Confused about carbs? Chances are you either think they're the enemy, or you're not sure what they have to do with diabetes at all.
Let's get one thing straight. Carbs are not off-limits. But too many -- especially the wrong kind -- can wreak havoc on your blood sugar.
"Carbohydrates -- found in fruits, vegetables, and starches like bread and pasta -- are the body's main source of energy," says Lori Zanini, RD, a dietitian and certified diabetes educator. The body turns carbohydrates into sugar (glucose), and that fuels your cells.
How your cells get this fuel can be tricky when you have diabetes. "Insulin is like a key that unlocks your red blood cells to let the sugar in," Zanini says. But if insulin doesn't unlock those cells so they can burn sugar for fuel, the sugar flows freely in the bloodstream and raises blood sugar.
That's why you want to enjoy carbs in a way that will have the least impact on blood sugar. Zanini offers these tips:
Have a carb routine. "You want to have around the same amount of carbs, around the same time every day, so your body knows what to do with the insulin that it's making or that you're giving it," she says.
Your doctor or dietitian can tell you exactly how many carbs you should get at each meal, but the rule of thumb is 45 to 60 grams.
Choose "slow" carbs. "Some carbs digest faster than others, and when it comes to managing diabetes, you want to choose carbs that digest slowly," Zanini says. Carb-rich foods with more nutrients, especially fiber, digest more slowly.
Consider these swaps: whole wheat bread instead of white, whole wheat pasta instead of regular, brown rice instead of white, sweet potatoes instead of white potatoes, whole-grain oatmeal instead of boxed cereal, and whole fruit instead of fruit juice.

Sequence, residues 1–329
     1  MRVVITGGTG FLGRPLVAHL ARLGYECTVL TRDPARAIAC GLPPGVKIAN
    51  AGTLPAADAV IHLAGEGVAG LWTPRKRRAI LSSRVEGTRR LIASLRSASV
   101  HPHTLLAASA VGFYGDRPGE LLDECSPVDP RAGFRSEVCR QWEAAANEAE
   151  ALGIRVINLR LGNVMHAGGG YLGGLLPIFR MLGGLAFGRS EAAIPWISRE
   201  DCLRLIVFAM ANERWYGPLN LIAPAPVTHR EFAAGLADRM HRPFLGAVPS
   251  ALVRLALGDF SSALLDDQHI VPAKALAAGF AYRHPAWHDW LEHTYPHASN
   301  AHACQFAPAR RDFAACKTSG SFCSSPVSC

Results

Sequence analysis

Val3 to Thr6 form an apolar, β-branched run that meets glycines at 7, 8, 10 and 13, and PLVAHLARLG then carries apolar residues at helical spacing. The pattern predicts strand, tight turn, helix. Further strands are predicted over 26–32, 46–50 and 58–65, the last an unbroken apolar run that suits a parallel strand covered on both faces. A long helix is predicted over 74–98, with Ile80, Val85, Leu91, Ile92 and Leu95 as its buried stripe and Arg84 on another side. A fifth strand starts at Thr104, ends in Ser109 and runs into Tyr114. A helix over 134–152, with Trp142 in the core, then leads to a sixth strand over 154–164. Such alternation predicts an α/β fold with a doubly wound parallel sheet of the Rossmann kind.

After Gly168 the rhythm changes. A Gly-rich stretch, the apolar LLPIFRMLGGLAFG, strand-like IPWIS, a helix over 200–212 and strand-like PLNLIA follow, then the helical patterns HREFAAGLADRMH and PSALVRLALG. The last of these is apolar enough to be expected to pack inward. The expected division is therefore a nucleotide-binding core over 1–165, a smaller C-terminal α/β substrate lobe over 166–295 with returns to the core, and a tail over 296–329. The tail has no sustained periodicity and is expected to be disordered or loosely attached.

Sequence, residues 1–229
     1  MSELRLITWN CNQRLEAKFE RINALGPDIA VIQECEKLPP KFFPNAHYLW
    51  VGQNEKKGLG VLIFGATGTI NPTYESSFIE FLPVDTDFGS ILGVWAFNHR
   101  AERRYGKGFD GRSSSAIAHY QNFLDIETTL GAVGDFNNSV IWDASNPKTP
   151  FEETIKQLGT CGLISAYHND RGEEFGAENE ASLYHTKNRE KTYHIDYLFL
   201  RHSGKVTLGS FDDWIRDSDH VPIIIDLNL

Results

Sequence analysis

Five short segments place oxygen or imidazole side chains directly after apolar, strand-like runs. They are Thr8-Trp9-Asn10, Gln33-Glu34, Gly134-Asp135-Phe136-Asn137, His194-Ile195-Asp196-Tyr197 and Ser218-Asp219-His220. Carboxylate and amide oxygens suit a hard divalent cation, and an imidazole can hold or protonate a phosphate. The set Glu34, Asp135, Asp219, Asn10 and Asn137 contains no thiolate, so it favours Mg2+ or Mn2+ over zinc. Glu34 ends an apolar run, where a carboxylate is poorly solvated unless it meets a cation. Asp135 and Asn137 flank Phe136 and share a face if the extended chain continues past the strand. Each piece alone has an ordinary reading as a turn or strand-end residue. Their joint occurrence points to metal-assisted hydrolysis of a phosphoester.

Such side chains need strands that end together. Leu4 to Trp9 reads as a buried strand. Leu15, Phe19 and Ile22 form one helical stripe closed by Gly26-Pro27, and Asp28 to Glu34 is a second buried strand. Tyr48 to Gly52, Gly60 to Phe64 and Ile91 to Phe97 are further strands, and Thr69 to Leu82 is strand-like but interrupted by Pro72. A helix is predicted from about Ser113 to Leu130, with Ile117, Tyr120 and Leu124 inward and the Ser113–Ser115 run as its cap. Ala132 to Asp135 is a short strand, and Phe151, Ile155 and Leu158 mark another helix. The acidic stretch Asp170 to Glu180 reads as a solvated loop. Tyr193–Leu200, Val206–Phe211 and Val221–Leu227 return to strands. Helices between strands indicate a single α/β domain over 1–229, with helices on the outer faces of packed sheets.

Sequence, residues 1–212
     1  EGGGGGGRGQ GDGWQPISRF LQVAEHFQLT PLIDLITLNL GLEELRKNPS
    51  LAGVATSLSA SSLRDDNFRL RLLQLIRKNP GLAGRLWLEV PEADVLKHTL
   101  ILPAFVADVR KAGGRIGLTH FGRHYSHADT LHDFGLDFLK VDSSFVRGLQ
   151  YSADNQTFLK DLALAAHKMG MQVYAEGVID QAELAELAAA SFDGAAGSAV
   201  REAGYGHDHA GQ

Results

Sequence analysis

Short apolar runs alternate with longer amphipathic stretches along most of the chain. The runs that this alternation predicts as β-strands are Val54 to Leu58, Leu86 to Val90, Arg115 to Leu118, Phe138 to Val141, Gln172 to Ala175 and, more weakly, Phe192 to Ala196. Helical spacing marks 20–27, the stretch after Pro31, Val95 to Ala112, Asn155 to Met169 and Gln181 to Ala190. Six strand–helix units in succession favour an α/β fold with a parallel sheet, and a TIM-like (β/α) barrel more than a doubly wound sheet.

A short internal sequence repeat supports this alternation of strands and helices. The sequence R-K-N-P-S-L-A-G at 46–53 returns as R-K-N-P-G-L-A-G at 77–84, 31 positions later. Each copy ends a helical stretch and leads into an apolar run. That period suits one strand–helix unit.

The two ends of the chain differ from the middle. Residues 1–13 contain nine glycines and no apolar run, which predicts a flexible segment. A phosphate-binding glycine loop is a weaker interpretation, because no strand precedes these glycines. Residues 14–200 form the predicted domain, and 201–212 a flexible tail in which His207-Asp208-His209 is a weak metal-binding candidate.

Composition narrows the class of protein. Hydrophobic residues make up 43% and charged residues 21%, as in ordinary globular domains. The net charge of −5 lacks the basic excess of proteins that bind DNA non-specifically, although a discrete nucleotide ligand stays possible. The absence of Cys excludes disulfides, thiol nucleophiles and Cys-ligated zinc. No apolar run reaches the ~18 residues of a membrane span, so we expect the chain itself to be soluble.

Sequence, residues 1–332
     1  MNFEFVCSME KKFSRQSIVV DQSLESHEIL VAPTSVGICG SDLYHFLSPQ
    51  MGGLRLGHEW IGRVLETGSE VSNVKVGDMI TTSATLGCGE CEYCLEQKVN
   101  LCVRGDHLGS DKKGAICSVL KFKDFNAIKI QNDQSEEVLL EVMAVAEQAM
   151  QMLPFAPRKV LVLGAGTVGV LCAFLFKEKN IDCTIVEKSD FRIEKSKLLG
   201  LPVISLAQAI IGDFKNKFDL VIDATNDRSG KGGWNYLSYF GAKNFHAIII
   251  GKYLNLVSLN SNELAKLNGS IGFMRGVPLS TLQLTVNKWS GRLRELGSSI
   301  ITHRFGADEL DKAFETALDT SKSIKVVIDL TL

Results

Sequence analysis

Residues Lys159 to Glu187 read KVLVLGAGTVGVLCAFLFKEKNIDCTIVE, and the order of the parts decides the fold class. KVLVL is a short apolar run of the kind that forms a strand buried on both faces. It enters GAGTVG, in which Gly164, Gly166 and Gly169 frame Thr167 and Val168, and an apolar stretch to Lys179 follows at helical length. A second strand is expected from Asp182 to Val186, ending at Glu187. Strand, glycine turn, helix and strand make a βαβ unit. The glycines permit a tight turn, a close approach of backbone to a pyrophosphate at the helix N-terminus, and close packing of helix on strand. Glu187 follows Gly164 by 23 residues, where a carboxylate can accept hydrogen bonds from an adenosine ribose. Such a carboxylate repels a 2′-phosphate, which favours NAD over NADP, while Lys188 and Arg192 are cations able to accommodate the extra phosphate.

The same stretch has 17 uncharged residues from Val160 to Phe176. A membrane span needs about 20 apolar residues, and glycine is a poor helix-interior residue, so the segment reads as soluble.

Under-ripe, rather than over-ripe, bananas go through your system more slowly. Slightly undercooking rice and pasta can slow digestion, too. "Cooked al dente, it's going to have less effect on your blood sugar because the fiber stays intact," Zanini says.
Pair with protein. Because carbs do raise blood sugar to some degree, get the biggest bang for your buck when you eat them.
"Combining a carb with a protein will not only keep you full longer, but it also helps stabilize blood sugar, because protein doesn't raise blood sugar," Zanini says.
You may typically serve up protein and carbs at mealtimes, but don't forget to add protein to snacks, too. Rather than having an apple alone, spread a little peanut butter on it. Eat a stick of string cheese with wheat crackers.
Save carbs for last. In a small study, blood sugar was lower after mealtimes for people who ate their veggies and protein first, and saved their carbs for the end of their meal. Give it a try.